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October 2012 Archives

Immigrations rights coming soon for same-sex couples?

Currently, the Defense of Marriage Act defines marriage as between a man and a woman only, for purposes of federal law. Everyone knows that several states now recognize same-sex marriage on a state level, but as long as DOMA is in place, these marriages will not be recognized on a federal level.

The 'ins and outs' of lawful permanent residency

Immigrants who are in the country on family or work-related visas often choose to become lawful permanent residents by obtaining a green card, which affords them more rights.

Report: Not all business owners following E-Verify program

South Carolina is one of 18 states that have passed laws requiring employers to use a federal government program called E-Verify. Essentially, E-Verify requires business owners to check the legal status of all potential employees using Social Security and immigration databases before making a new hire. The program is supposed to make it nearly impossible for illegal immigrants to find employment.

Cuba announces immigration policy change

After decades of enforcing strict travel restrictions on its citizens, the Cuban government announced this week that it will be implementing new rules to make it easier for people to come and go from the island.

USCIS continues to approve Deferred Action applicants

On Friday, the U.S. Citizenship and Immigration Services (USCIS) announced that nearly 180,000 people have applied for the Obama Administration's Deferred Action for Childhood Arrivals program, which spares qualifying illegal immigrants from deportation and allows them to apply for a work permit. The USCIS said so far 4,500 young illegal immigrants have been approved for the program.

Pulitzer Prize winning illegal immigrant arrested but not deported

When Jose Antonio Vargas was the member of a Washington Post team that won the Pulitzer Prize in 2008, South Carolina readers did not know that he was an illegal immigrant. That information was only divulged last year in an essay he wrote and published in the New York Times Magazine. In that article he revealed that he was originally from the Philippines, but when he was 12 years old his mother sent him to live with his grandparents in California.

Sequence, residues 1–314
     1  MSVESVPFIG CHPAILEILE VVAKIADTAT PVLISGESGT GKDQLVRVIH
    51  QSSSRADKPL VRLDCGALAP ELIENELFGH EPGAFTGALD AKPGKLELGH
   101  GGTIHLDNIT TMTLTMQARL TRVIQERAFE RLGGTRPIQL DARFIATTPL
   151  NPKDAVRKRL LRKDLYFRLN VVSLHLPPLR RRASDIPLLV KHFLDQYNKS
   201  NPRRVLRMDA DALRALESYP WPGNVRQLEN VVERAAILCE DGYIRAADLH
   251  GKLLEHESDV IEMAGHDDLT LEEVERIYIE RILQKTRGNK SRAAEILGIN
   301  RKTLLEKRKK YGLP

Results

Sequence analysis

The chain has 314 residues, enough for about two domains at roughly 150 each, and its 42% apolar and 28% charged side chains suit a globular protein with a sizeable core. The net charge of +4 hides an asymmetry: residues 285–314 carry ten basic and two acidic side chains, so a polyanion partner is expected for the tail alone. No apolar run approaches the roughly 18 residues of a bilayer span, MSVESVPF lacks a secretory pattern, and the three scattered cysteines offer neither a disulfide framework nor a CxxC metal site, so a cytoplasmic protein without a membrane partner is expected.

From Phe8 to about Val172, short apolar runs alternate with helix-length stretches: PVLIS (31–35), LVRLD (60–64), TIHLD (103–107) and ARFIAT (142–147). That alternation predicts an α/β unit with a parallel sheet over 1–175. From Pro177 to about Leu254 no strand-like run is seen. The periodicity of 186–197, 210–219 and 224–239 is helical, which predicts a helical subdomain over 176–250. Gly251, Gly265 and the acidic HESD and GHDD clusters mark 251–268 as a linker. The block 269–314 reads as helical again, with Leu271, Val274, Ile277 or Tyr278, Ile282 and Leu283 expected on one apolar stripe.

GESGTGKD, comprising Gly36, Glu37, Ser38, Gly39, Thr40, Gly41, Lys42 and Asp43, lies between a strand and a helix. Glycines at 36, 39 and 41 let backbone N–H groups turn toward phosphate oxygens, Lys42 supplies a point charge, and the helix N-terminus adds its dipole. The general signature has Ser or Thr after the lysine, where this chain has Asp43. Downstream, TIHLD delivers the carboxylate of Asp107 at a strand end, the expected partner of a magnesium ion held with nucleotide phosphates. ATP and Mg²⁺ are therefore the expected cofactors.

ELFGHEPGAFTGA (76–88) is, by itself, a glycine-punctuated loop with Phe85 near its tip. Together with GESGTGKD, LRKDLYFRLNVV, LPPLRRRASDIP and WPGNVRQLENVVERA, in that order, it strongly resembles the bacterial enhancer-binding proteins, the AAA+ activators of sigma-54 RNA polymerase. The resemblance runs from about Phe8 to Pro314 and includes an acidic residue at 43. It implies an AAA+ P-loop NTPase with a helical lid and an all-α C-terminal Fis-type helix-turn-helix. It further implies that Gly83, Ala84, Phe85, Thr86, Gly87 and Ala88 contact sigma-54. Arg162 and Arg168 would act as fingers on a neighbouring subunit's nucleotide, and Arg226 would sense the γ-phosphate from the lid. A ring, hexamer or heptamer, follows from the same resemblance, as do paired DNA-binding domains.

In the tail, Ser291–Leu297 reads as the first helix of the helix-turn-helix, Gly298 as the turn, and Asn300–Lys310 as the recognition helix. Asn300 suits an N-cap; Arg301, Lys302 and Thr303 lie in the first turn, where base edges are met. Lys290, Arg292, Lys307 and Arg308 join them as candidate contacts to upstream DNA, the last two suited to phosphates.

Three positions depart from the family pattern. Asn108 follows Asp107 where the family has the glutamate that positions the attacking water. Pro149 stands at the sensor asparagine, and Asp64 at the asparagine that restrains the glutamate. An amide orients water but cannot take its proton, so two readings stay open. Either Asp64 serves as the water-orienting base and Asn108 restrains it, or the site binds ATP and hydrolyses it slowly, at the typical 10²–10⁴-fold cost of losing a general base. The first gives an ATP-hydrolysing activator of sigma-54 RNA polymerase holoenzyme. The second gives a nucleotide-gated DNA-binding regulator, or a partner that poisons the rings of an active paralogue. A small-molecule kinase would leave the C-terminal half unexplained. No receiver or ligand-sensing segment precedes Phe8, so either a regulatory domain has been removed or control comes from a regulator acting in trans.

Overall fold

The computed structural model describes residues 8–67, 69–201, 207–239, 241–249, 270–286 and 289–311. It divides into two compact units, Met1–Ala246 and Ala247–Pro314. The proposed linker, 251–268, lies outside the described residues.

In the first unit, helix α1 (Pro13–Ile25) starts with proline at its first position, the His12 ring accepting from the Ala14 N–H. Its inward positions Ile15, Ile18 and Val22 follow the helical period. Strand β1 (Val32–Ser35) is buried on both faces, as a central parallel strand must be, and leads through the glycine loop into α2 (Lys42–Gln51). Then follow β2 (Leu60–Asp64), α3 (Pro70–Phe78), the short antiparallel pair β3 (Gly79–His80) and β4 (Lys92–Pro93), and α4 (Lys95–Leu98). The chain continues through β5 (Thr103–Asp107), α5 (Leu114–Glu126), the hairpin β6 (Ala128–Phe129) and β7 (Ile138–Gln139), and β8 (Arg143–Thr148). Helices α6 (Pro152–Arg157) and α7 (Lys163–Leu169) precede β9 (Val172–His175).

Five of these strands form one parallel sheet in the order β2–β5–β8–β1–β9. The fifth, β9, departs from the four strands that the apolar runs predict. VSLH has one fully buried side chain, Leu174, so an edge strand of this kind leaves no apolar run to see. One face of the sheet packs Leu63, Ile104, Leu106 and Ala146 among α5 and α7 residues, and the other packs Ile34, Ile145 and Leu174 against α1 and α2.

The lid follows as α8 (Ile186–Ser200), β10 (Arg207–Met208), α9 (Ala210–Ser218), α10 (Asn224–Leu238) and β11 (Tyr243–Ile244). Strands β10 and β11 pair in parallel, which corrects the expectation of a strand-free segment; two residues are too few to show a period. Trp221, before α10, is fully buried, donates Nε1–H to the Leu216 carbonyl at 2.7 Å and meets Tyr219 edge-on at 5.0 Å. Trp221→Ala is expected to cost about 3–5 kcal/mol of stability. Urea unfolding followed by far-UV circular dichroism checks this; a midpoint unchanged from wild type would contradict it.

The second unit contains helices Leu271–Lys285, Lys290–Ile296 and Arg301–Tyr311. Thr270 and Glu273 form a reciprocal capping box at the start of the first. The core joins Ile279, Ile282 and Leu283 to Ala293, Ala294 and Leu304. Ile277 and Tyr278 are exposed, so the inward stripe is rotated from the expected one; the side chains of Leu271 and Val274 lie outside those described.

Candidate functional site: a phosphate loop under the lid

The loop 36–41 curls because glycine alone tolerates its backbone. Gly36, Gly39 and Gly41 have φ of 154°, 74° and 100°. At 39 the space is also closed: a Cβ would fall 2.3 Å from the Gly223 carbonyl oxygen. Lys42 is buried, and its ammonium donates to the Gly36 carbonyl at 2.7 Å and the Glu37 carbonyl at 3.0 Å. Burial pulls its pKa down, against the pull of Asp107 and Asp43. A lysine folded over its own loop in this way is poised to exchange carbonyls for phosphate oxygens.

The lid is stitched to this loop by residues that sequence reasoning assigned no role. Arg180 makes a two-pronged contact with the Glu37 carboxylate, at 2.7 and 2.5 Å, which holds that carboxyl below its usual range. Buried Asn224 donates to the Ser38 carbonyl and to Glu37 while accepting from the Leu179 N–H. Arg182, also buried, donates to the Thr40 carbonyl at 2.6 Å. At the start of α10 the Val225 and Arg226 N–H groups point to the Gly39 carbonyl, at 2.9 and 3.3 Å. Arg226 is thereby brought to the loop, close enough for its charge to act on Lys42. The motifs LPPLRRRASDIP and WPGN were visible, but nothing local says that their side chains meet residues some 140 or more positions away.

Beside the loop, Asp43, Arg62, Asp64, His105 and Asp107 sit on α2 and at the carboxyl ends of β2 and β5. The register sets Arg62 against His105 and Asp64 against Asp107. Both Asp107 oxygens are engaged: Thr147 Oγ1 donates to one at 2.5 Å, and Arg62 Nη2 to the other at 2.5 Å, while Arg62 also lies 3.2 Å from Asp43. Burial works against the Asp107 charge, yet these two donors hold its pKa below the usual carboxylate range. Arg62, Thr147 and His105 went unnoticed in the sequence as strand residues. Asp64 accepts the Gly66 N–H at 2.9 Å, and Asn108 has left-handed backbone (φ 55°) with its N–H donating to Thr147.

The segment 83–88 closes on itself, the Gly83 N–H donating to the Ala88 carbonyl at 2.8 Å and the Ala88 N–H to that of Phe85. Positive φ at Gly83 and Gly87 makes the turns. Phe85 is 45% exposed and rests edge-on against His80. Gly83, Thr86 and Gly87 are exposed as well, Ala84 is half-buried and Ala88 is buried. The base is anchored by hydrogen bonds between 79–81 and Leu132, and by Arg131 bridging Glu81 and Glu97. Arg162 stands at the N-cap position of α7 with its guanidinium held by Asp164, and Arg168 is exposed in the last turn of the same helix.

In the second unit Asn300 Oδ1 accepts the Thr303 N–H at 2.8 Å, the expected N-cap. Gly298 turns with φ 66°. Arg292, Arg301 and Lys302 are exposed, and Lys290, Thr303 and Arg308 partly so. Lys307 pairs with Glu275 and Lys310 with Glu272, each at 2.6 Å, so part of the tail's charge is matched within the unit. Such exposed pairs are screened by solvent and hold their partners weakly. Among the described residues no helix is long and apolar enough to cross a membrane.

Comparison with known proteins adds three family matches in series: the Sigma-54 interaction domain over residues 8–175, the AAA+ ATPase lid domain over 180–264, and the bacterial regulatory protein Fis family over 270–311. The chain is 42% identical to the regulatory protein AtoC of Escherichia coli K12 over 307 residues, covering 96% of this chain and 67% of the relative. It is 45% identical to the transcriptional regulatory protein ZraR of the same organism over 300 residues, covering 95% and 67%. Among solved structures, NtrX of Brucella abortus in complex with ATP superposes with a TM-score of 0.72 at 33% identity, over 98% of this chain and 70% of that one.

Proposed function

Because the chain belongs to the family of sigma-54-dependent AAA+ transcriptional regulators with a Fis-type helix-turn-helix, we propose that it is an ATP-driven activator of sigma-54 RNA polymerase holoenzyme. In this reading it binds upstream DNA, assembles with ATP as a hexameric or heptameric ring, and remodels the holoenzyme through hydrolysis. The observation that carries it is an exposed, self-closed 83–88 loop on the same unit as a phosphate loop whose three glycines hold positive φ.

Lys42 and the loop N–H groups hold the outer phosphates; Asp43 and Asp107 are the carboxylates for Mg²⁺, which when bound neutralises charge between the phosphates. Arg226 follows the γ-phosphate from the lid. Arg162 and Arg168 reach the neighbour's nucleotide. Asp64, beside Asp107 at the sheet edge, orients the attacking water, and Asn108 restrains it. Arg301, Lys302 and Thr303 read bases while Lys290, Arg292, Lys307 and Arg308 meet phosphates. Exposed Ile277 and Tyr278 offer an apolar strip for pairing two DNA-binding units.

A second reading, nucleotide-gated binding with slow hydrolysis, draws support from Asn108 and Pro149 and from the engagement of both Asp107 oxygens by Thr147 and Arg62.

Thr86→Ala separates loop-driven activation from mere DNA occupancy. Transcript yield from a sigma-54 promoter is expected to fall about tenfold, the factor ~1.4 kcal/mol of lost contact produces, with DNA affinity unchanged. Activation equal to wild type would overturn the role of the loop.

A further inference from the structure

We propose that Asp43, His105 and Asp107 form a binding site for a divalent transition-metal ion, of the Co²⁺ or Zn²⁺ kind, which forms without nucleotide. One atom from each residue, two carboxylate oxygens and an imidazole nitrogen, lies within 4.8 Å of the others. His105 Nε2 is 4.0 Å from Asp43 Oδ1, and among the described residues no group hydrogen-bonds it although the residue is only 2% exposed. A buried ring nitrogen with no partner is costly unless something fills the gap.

Criminal convictions can mean deportation for green card holders

As immigration law is complex and is often in a state of flux, it is very important for South Carolina residents to feel confident that they are receiving accurate information, especially when it can have serious, real-life consequences, such as deportation, also known as removal. One man found this truth out the hard way. He is a native of Honduras and a lawful permanent resident of the United States (green card holder). He has served in the U.S. military and is a Vietnam War veteran. However, more recently he has had some trouble with the law. While he was driving a truck across the country, he was stopped by law enforcement officials. They claim to have uncovered 1,000 pounds of marijuana in his truck.

Immigration laws affecting business start-ups

For entrepreneurs born outside of the United States, this country has historically served as the ideal location to start up a business. Motivated, intelligent and hard-working people have been coming to the U.S. to start up a business, create jobs and drive innovation for generations. However, for the first time in decades, immigrant entrepreneurship is on the decline.

Bi-national same-sex couples may see deportations put on hold

Same-sex couples in South Carolina already face a number of challenges in their relationship. Besides the same issues that we all face in committed relationships, same-sex couples have the additional concerns associated with their legal rights and statuses. When it comes to their citizenship, illegal immigrants in long-term relationships with U.S. citizens have had to worry about deportation.

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Flushing, NY 11354

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